The reason other people's money is recipe for failure is because you put all your focus how you're going to get money... and less focus on building a great video game.

Other people's money is NOT sustainable. You get addicted to it. And you need it in order to survive.

Shafer is learning this lesson hard. He ran out of money. That's why the game is still in development 3 years after its due date.

And now all those fans that loved Shafer, and trusted him, and supported him with their $50 bucks and Kickstarter money, are turning their back on him.

When you use other people's money, you lose all control over your game. Your funders and investors now have become your boss. They have expectations. And they make you do stuff you don't want to do.

This downfall will lead to insight number 3...

Indie Insight Number 3: The More You Tell, The More You Sell

Remember how I told you how Shafer was so prolific? He put out content, wrote articles, recorded podcast, written guides... all for free.

Being prolific is what got Shafer's indie game so much attention.

There is a saying in selling, that goes....

"The More You Tell, The More You Sell"

This saying is true, because it's people who talk most about something that get all the attention... that get all the rewards.

For example, Christopher Columbus "discovered" America. So why is it called America and not Columbia?

Because Columbus didn't believe that the land he "discovered" was a new continent. He thought it was India.

But Amerigo Vespucci, another explorer, talked about the "New World". He wrote about it. He published a famous letter, Mundus Novus, which he talked about the "New Word" and how it's a continent all on its own.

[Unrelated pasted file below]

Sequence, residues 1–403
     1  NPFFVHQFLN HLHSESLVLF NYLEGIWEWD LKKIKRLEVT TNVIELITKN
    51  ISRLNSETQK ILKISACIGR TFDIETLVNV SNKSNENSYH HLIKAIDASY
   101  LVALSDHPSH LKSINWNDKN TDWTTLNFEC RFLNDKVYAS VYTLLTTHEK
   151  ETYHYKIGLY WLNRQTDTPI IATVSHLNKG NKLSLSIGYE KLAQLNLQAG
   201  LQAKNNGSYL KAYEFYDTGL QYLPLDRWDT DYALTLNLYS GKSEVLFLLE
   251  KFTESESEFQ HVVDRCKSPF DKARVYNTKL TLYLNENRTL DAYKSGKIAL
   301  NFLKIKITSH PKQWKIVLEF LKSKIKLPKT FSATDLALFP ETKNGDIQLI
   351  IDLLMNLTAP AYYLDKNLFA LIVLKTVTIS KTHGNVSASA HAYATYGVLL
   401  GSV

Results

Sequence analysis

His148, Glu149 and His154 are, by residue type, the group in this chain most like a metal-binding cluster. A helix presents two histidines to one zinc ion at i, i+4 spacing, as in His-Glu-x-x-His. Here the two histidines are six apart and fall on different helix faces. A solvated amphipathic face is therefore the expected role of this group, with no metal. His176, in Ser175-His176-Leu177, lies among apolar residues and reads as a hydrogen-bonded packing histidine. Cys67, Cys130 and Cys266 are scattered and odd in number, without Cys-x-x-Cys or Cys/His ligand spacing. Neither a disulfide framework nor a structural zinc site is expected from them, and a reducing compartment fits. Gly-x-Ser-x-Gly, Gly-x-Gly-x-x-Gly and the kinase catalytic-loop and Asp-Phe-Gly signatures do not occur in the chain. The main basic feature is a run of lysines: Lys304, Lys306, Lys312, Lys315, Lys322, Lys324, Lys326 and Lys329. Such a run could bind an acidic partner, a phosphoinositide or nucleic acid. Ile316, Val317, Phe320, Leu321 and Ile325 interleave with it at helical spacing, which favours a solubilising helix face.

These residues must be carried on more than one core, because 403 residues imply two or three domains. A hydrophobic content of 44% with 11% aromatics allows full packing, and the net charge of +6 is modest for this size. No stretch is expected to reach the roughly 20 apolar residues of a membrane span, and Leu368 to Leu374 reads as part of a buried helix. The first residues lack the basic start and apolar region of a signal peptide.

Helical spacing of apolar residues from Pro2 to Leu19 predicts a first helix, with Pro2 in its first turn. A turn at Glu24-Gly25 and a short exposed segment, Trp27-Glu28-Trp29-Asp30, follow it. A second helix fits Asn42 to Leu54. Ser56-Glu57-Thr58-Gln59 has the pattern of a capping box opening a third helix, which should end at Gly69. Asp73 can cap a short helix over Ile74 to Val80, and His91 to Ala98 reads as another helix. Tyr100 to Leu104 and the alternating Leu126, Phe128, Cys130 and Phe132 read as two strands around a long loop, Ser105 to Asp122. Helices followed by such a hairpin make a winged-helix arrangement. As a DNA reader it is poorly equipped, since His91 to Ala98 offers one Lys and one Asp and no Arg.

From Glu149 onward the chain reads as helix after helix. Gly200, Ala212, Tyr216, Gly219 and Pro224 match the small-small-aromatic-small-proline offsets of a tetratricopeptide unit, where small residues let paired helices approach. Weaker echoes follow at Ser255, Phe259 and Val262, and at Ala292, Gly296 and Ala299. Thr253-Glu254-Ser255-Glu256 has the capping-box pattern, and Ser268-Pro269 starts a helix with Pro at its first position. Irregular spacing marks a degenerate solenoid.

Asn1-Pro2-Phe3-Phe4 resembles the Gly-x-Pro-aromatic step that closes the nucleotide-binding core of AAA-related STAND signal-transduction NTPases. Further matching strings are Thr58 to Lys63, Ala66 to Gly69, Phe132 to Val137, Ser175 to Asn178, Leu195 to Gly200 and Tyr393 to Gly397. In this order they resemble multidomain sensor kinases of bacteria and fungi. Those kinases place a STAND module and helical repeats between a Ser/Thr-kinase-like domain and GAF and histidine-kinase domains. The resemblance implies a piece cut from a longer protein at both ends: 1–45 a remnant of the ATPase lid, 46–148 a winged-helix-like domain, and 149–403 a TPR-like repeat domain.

The more you market yourself, talk about your game, the more you sell
The more you market yourself, talk about your game, the more you sell

He wrote many more letters about this topic. For this, Amerigo's name was put on the new content, and not Columbus's.

You see what I mean? The more you tell, the more you sell.

Shafer was prolific. He wrote about game dev and design back in 2011. Not a lot of game devs did that. He put out hours and hours of a podcast. He was out there, creating content for free.

But here's the insight I want you to learn....

When Shafer ran out of his funding, and his fans realized that the game was going to take longer than expected, he stopped talking.

He quit the podcast around 2014. He stopped writing in his devlog. He stopped putting up updates on his Kickstarter.

He even got a job at Paradox recently.

Nobody knows if he's working on his indie game, At the Gates, or not.

You see what's going on here? I mean, I don't blame the guy. All that pressure from his fans, and money problems is going to put a lot of stress on you. It's hard to be "prolific" when you put in all that work, and see it all go down in failure.

I like Shafer. I believe he's a genuine guy. I trust he's a great programer. I'm looking forward to seeing what he does at Paradox.

Jon Shafer is back to working a full time job, no longer an indie game dev
Jon Shafer is back to working a full time job, no longer an indie game dev

But because he stopped being prolific, he stopped all his momentum. He was on his way to become a "Sid Meyer", where his brand of video games becomes a franchise.

He still can. But right now, because he stopped marketing himself, his indie game is on hold, and he's back to working full time.